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Goodbye Twitter, Hello Mastodon!



Over 1 million new users in less than 2 weeks

Ok. So it will be what you make of it. There’s not going to be a seamless leap from a heavy web2 monstrosity like what Twitter has become to a clean alternative overnight.

It makes sense, though. A platform that’s built to monetize your life, and does so on a massive scale, can’t be replaced easily by an entirely different beast.

Mastodon is not based on blockchain, for a social platform that is blockchain based, check out Lens Protocol, but does have an open source, ad-free structure that is controlled by users. It is also a microblogging network based on a UX that somewhat resembles Twitter.

As a “Federated” network system, Mastodon has various servers, each of which run by users, and differentiated, for the most part, by affinity.

Basically, rather than having a centralized corporate entity controlling and monetizing your account and data, you trust a peer who has set up a server. You can choose and join a group (server) based on the theme, rules and configuration of that server / moderator. In some cases you will need to be invited or prove worthiness, but such stipulations are set by the moderator and group.

Are we, ex-Twits, sophisticated enough to take on digital self-determination?

The challenge lies in the trade off that is built into the systems, one vs. the other. On a highly commercialized, slick, UX optimized platform like twitter there are lots of addictive, albeit shallow, reasons to participate. And the downsides can be seen everywhere – massive bot harassment, constant DMs from unwanted scammers, hate and ugliness, you get the picture.

A user controlled, open source platform, on the other hand, requires more real engagement from everyone for it to work. This is a double-edged sword – all that extra effort can seem overwhelming, but the benefits, particularly longer term can be magical.

Imagine a place where you are free to communicate with others that share your interests, and those that may not, but without an algorithm to force you to see whatever it wants you to see, or to shadow-block you from being seen, only because you didn’t pay or play its preferred game.

Losing the algorithm that serves the centralized commercial platform’s agenda is, ultimately, the only way forward, but not an easy place to get to.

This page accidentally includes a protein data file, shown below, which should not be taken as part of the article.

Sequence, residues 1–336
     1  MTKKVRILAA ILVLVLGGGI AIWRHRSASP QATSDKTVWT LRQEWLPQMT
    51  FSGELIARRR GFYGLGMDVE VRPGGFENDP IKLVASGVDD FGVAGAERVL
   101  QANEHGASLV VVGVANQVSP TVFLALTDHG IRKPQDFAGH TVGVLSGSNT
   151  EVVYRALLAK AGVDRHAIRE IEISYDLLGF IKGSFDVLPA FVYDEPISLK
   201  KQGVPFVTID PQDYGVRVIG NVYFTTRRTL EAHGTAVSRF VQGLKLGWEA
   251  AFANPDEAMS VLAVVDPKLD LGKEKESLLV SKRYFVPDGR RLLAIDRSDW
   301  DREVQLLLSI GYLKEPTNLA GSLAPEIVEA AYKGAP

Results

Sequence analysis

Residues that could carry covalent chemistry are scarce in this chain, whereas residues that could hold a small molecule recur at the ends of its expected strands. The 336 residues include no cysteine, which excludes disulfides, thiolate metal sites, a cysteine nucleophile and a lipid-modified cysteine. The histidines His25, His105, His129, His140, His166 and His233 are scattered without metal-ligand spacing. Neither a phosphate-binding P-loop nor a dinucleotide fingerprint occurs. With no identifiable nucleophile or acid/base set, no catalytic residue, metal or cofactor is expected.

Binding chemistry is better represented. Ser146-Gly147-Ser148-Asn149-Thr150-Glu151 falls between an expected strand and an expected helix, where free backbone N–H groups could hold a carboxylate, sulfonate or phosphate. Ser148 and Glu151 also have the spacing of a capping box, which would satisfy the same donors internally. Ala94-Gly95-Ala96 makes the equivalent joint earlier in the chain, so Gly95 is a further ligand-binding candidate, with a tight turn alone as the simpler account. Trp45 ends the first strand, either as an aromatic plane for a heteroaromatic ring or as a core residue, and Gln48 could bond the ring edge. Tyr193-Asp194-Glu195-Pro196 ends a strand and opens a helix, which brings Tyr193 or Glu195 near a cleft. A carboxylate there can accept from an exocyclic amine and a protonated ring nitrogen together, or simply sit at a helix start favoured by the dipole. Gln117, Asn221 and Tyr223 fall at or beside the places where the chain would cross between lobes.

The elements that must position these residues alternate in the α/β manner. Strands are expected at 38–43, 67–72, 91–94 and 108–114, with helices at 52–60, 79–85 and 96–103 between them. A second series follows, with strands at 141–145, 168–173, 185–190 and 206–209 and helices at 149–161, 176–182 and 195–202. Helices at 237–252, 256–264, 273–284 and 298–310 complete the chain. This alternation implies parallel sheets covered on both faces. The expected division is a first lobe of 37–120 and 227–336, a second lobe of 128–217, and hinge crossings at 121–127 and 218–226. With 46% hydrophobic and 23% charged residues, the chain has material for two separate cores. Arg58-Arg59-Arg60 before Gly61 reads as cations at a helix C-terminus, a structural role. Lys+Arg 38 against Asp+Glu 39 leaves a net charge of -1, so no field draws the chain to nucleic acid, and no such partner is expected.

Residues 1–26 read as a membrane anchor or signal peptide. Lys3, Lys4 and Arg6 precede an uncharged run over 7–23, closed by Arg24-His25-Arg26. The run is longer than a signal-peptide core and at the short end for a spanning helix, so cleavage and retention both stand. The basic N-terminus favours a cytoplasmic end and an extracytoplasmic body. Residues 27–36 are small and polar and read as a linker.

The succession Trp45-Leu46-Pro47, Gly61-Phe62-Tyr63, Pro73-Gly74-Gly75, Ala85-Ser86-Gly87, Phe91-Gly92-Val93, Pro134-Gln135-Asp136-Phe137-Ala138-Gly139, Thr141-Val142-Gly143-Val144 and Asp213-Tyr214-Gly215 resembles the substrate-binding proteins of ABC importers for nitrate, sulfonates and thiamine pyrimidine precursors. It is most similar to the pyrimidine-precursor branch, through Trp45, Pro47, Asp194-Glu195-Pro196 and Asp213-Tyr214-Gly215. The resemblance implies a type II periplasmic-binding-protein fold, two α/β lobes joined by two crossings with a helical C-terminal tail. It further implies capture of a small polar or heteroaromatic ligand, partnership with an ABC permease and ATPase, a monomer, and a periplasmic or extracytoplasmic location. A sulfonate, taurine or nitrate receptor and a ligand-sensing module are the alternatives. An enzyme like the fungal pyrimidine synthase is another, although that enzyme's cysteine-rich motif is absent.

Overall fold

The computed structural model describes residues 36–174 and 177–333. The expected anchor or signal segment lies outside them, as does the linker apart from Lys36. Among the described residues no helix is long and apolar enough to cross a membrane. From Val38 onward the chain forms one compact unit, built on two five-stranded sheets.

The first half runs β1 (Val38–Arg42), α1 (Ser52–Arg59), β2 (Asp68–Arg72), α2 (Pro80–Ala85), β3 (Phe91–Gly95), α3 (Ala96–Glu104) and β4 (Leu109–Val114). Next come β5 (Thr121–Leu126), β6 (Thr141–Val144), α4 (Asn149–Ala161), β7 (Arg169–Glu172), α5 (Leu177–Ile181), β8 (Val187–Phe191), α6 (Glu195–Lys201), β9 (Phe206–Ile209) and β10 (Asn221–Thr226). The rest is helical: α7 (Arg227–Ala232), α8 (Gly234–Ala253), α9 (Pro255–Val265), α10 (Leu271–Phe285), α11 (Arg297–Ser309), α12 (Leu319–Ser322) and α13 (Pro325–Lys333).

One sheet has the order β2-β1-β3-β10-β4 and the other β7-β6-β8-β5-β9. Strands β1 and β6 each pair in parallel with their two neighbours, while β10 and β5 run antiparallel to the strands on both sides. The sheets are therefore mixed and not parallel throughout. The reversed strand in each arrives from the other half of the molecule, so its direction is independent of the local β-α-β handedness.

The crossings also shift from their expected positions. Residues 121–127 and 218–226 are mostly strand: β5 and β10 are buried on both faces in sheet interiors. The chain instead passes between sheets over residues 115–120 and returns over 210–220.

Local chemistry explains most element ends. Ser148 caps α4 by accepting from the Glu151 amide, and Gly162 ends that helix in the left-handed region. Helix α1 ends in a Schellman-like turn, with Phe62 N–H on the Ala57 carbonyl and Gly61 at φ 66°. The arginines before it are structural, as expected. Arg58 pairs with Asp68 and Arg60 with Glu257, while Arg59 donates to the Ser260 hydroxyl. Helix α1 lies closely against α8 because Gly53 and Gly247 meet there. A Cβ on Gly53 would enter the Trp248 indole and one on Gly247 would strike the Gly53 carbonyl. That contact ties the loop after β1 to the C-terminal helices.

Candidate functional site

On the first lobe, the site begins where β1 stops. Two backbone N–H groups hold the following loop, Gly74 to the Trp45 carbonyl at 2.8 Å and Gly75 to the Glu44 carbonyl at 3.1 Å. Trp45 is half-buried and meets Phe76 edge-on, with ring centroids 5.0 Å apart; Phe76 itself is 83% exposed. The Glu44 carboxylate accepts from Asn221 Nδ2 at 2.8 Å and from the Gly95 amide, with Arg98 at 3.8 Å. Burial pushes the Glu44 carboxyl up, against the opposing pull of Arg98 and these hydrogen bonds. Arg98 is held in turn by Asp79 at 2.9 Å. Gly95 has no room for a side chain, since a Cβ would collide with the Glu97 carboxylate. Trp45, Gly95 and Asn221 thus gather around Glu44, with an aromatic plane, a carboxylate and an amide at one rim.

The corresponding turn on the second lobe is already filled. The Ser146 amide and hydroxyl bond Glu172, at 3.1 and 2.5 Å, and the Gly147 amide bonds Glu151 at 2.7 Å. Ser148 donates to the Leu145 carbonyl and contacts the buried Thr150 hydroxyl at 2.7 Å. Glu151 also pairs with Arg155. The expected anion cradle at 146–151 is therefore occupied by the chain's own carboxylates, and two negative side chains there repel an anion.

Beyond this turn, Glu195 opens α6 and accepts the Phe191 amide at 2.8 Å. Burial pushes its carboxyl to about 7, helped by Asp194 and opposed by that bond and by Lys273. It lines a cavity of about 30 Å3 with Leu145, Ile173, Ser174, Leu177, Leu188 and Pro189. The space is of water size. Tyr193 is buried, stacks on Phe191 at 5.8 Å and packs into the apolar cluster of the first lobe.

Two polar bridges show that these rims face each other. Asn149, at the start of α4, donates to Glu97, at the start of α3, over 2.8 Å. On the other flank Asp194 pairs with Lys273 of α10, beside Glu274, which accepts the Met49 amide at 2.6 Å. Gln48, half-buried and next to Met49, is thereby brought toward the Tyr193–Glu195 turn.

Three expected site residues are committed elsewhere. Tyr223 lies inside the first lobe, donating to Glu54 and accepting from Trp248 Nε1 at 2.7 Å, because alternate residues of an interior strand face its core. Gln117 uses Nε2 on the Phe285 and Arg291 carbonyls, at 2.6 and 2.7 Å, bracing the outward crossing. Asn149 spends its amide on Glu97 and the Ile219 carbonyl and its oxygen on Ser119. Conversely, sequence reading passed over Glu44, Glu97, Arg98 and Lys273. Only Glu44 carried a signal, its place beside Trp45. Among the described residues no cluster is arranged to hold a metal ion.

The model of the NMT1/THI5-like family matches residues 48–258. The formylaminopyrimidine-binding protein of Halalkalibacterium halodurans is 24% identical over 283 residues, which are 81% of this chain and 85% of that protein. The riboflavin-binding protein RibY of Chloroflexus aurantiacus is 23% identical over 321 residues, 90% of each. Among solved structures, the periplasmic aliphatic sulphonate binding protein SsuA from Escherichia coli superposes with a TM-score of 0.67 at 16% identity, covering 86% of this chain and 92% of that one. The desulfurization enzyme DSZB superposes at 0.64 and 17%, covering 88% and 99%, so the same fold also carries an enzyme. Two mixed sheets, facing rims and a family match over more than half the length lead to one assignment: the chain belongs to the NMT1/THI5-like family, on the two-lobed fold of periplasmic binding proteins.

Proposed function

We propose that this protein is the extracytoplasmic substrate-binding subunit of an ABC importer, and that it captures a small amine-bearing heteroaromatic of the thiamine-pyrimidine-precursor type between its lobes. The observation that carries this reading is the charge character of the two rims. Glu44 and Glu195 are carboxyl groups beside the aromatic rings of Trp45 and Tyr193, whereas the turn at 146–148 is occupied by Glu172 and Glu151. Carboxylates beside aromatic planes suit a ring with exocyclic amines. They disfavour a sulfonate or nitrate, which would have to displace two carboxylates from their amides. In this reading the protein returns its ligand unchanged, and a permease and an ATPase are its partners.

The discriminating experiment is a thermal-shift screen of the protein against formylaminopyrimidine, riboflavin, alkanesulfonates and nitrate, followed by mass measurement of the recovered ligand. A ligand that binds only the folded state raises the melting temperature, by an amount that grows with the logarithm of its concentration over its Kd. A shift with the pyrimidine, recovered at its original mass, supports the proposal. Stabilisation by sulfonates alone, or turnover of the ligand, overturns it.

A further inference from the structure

In the end it is a question of realizing the potential of the internet (web2, 3 or 4) for deeper and more effective communication, not just to create a hellscape of fluff and vitriol that benefits a Zuckerberg and now, potentially, Elon Musk.

By now the shortcomings of Facebook (Meta), Twitter and the various Google services are glaringly obvious and, for the most part, agreed on nearly as much as global warming. However, just like the solutions to that other soon-to-be hellscape, the possibility of millions or even billions of people (in the case of Facebook) spontaneously migrating to a new platform or platforms is slim.

Ultimately, it will take a change in the people that comprise the network itself, not a top down makeover or feature-set rollout.

That is the most interesting point that can be gleaned from the current Mastodon moment; those that have pre-migrated before the current Twitter melt-down era seem to be acutely aware of the challenges, but also of the potential benefits, of growing into the new experiences that are only available there.

This underscores the potential irony of the current Twitter meltdown, intentional or not. Is Elon Musk doing the world a favor by pushing many of the best and brightest communicators out of the nest at the precise moment that it might be possible for another platform to gain a foothold?

Or will this be more akin to the moment that Clubhouse had which was seemingly diluted and washed away by copycat offerings (like the audio services Twitter added) and demoted to near irrelevance?

As has been the case in the past, even with the initial adoption of Facebook and Twitter by the masses, it is user sophistication and need that drives huge new platforms and activities.

Whenever a new platform for online communication is able to meet the moment and the new needs of a critical mass of users, that will be the place and time for the past to fade and something, hopefully better, to emerge.

And, perhaps, learning how to better interact with one-another online, even at the cost of taking more responsibility for learning and co-managing the platform itself, will begin with Mastodon and the Twitter devolution phase.

The following excerpt from TheMarkup.Org, from an interview by Julia Angwin of Adam Davidson gives a bit of a view into what some might find worthwhile at Mastodon:

Angwin: What would you say your biggest takeaway from this experience has been so far?

Davidson: I would say the screaming headline for me is, “Wow, this was awesome. This was amazing.” The Mastodon community was amazing. The journalism community was amazing. It’s really one of the best professional experiences of my life. I just love it.

What I’m finding most satisfying about Mastodon, and I’m seeing a lot of other journalists feel this, is that it actually forces you to ask and confront some of these questions and to make active choices. Even if Mastodon were to remain Twitter’s very tiny stepbrother, I would still like to be part of a Mastodon journalist community because I think we got lazy as a field, and we let Mark Zuckerberg, Jack Dorsey, and, god help us, Elon Musk and their staff decide all these major journalistic questions. I don’t know for how many people that’s a good siren call to join Mastodon, but for me that’s been pretty exciting.

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